April 1, 2006

3 Min Read
Distinguished Driving

Alice P. Jacobsohn

EVERY YEAR, THE WASHINGTON-BASED Environmental Industry Associations (EIA) recognizes a select group of garbage truck drivers with Driver of the Year awards. Winners are chosen based solely on exceptional job performance and recommendations. They receive a $500 check and a plaque.

The Driver of the Year award is presented in seven categories. Large categories include companies with fleets of 100 vehicles or more, while small categories cover companies with fleets of less than 100 vehicles (including subsidiaries of larger companies).

“We are very proud of our Drivers of the Year and their safety record, commitment to their companies and quality of customer service,” says Bruce Parker, EIA's President and CEO.

Americana Program Underwriters and Zurich North America are the sponsors of the Driver of the Year Program.

The 2006 winners are listed below:

Large Residential: Michael Thomas of Duncan Disposal/Republic Services Inc., Arlington, Texas, has been driving garbage trucks for 26 years without any reportable accidents. He is known for going out of his way to help customers, as evidenced by the gift certificates they often give him while on his route. “It's exciting to be a Driver of the Year,” Thomas says. “As long as I can be of help to the customer, I'm happy.”

Large Commercial: Among the distinctions held by Robert Jordan of Allied Waste Industries in Richmond, Va., is a 22-year accident-free driving record. He started his career in the waste business as a mechanic before becoming a can man, a helper and now a driver logging 52 to 54 hours on the road each week. “Keeping my truck in good condition is real important,” Jordan says.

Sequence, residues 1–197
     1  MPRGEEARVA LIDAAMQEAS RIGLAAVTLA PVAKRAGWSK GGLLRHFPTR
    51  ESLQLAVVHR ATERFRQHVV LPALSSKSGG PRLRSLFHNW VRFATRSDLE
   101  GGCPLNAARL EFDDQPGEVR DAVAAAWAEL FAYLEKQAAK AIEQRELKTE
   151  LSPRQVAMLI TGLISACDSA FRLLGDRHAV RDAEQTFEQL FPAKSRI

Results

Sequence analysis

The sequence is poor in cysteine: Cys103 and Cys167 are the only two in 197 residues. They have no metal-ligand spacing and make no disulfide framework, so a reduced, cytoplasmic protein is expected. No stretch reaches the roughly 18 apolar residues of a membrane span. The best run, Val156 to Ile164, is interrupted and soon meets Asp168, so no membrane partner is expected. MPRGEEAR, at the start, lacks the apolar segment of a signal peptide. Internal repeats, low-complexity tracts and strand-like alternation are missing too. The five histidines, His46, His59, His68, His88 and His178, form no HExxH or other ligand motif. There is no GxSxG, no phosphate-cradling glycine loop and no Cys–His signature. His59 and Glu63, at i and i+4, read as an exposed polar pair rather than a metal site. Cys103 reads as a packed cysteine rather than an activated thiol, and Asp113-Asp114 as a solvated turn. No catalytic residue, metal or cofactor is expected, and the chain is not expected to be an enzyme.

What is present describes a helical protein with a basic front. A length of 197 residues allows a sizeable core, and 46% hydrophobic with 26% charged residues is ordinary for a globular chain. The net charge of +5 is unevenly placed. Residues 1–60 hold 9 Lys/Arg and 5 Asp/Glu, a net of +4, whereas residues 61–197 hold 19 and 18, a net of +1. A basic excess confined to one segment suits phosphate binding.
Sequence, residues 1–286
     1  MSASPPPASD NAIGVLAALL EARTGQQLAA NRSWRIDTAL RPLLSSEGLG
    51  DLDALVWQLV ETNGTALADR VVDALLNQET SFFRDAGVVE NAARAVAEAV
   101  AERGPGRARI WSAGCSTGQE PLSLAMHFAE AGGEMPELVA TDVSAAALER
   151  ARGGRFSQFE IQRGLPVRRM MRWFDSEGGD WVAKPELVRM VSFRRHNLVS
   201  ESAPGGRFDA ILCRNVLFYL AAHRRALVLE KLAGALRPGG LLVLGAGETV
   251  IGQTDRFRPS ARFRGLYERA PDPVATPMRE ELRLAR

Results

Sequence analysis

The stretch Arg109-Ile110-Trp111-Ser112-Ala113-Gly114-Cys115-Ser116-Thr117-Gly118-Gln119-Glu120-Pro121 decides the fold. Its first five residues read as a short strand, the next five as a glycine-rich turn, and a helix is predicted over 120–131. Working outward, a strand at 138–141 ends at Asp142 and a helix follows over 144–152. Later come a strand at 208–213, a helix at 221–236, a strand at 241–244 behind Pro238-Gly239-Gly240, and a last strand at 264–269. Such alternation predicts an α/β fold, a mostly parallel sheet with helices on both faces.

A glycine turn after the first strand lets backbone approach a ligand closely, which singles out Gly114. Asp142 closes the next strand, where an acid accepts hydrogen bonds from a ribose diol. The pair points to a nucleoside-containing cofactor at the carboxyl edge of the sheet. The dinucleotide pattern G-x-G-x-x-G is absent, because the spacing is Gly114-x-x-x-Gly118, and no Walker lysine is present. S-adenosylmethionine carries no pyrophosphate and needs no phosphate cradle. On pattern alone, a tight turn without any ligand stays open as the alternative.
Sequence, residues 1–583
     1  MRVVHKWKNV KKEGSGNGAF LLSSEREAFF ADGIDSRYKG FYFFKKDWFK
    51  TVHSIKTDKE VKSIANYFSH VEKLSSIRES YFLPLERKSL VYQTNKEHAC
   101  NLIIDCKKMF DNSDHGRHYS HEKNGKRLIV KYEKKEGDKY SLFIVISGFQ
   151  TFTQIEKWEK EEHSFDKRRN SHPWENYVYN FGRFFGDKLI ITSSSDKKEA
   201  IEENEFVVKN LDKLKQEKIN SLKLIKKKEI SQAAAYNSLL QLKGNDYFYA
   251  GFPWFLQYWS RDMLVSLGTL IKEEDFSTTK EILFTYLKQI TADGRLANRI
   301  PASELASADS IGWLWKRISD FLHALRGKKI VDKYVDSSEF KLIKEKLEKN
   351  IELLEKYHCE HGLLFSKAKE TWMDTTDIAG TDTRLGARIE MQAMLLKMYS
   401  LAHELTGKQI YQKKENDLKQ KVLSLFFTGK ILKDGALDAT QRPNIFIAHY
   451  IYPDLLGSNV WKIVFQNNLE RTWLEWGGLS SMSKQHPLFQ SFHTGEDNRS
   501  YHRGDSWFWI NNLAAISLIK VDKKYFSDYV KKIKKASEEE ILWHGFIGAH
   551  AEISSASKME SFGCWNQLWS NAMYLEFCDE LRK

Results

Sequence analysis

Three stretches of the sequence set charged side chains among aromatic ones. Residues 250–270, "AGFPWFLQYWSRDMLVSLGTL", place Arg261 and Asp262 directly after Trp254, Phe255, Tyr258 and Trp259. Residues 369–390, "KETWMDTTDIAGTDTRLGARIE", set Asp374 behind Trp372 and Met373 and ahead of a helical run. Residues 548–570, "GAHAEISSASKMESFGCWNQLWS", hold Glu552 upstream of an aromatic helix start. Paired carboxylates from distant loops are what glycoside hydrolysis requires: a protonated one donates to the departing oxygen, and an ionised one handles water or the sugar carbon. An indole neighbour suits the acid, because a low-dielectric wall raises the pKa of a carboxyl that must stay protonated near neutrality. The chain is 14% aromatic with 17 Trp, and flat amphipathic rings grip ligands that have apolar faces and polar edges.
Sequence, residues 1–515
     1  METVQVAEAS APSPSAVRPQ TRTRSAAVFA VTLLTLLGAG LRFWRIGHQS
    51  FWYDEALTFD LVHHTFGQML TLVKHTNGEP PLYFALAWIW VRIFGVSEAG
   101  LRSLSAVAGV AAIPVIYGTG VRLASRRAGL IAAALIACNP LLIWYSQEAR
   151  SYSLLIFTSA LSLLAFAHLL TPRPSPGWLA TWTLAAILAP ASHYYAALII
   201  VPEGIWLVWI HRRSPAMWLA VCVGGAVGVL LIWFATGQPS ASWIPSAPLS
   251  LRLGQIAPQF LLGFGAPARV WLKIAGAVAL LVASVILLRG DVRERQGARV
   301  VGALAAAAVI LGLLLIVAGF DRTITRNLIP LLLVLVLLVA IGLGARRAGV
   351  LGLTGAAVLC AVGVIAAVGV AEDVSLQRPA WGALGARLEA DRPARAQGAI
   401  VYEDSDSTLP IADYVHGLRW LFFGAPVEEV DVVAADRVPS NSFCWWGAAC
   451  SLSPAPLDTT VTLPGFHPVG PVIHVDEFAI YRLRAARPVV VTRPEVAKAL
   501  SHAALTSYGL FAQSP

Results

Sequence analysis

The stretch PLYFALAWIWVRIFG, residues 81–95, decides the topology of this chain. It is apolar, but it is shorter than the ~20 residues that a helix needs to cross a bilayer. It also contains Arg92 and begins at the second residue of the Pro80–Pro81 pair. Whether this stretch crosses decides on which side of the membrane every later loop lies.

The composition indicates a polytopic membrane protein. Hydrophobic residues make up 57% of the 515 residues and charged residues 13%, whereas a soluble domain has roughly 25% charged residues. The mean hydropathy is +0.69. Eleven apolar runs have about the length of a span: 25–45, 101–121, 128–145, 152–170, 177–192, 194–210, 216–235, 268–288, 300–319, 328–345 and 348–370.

Large Industrial: Ronald Settle of Republic Services Inc. in Winston Salem, N.C., has been driving for 36 years without any reportable accidents. “I have a set group of customers who call me directly for service,” Settle says. “One customer wrote in that he greatly appreciates my efforts because I wait until the compactor is full before pulling it and that keeps his costs down.”

Public Sector: City of San Diego driver Junius Hawkins, who has driven garbage trucks for 29 years, has a near-perfect driving record. He has driven a wide range of vehicles, including crane carriers, rear loaders, side loaders and automated trucks. “Today, I drive a garbage truck that runs on natural gas, which still has the same power as the old trucks, but keeps the air cleaner, and I feel real good about that,” Hawkins says.

Small Residential: Ralph Dick of Allied Waste Services of Hagerstown, Hagerstown, Md., has a 20-year accident-free driving record. He spends most of his time navigating narrow roads and one-way streets, servicing 11,400 homes each week. “There are a lot of safety issues in the city because people don't want to wait to get around me,” Dick says.

Small Commercial: Richard Lemley of Allied Waste Services of Albany in Latham, N.Y., has been driving 18 years without a reportable accident. “Half of my route is driving at night, so I have to watch for hidden obstacles, especially in commercial areas where equipment may be near by,” Lemley says.

Small Residential: Salvatore Lemorta of Allied Waste Services of Albany in Latham, N.Y., has been driving garbage trucks for 21 years without a reportable accident. “My route is busy every day, but we have safety meetings every other Wednesday, so I just follow the company's safety rules and don't get mad when I'm on the road,” Lemorta says.

Alice Jacobsohn is director of public affairs and industry research for the EIA. Reach her by e-mail at [email protected].

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